While Hulu’s owners officially took the streaming video service off the market last year, would-be buyers are still showing interest.
Sources told AllThingsD’s Peter Kafka that some of the usual suspects are still inquiring about buying Hulu, including Amazon and Yahoo. One newcomer could be Guggenheim Digital Media, the owner of The Hollywood Reporter, Billboard, and Adweek. And as you’ll recall, Guggenheim’s new CEO is former Yahoo exec Ross Levinsohn, who tried to broker a deal for Yahoo to buy Hulu during his short stint running the company’s Media division.
Hulu originally got put up for sale last year after its two controlling owners, Disney and News Corp., had several disagreements over the service’s future business model. However, rumors said that no one was willing to pay for Hulu at the initial $2 billion price for several reasons — chief among them being the availability of new television content. Hulu currently has three-year contracts to play content from Disney-owned ABC, News Corp.-owned Fox, and Comcast-owned NBC, but none of these content partners would withhold TV content from beyond that because it would hurt Hulu’s capability to turn a profit. If someone buys Hulu, what’s to say that these contracts will still be available to renew? And as we’ve pointed out, Hulu without its premium content is pretty useless.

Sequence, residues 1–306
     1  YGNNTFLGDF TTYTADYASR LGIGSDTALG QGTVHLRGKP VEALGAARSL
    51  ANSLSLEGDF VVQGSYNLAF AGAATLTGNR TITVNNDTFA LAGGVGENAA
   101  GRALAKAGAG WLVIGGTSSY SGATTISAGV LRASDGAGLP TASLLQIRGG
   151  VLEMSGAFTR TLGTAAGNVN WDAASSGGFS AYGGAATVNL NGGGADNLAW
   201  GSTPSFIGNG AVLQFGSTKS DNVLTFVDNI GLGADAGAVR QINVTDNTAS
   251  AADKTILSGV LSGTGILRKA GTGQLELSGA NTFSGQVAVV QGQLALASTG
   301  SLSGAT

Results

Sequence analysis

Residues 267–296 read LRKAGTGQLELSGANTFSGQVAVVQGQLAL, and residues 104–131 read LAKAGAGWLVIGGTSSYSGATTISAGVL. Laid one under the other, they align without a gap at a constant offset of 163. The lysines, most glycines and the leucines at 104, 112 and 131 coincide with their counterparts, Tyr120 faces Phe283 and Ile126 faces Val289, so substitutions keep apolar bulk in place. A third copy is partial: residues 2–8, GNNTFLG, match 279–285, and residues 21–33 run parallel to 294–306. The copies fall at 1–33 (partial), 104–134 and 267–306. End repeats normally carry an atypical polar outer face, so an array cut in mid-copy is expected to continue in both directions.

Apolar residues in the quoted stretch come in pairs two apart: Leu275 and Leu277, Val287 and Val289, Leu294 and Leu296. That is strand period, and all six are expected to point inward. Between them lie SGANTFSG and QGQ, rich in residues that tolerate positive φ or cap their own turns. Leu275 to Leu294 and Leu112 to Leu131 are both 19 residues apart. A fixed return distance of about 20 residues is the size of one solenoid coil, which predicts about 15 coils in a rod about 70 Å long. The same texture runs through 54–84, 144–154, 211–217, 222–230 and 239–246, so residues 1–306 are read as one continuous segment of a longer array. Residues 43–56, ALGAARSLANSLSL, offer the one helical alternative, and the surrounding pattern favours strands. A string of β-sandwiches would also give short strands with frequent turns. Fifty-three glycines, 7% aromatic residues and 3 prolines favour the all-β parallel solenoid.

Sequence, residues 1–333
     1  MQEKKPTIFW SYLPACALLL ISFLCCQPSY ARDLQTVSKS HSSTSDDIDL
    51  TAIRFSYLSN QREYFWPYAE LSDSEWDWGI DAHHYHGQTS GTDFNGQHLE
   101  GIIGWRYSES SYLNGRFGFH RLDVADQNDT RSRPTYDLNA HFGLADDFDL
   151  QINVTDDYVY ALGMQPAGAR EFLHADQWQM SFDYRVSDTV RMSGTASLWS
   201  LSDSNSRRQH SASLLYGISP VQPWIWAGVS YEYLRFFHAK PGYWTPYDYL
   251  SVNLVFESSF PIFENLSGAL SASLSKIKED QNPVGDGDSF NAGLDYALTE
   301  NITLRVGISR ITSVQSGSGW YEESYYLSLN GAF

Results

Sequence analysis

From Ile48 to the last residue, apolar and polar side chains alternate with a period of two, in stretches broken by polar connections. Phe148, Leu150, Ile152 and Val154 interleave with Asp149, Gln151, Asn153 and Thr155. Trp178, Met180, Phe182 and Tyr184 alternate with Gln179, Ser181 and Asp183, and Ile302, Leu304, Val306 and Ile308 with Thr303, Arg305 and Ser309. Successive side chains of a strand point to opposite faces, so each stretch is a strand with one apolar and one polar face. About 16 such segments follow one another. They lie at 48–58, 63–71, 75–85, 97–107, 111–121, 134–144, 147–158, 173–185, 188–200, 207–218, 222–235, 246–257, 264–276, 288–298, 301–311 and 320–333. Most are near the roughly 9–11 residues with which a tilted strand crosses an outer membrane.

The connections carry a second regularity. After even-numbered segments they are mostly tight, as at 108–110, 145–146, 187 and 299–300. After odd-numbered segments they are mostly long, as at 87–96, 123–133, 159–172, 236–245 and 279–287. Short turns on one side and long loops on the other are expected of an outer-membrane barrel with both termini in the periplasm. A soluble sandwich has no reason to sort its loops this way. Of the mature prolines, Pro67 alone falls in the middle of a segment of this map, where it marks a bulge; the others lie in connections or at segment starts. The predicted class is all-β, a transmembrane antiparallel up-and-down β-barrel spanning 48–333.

Hulu is also a bit less attractive now, some may argue, than it was when the service was still up for sale. Longtime CEO Jason Kilar has departed Hulu for greener pastures, partial owner Providence Equity cashed out its stake, and all of Hulu’s remaining owners are beefing up their own online video strategy for current TV shows. Rumors even suggest that ABC may launch a new set of mobile applications that will enable cable subscribers to tune in to new shows as they premiere on traditional television.
My guess is that Hulu probably won’t sell for a while at the old billion-dollar asking price, and that might be fine with Disney and News Corp. Hulu will need to prove itself as an online video powerhouse (in terms of advertising revenue, if nothing else) after major broadcast stations like ABC and Fox build out their own digital strategies that will inevitably pluck some attention away from Hulu. There are a few ways to make sure that happens, but time will tell if it actually does.
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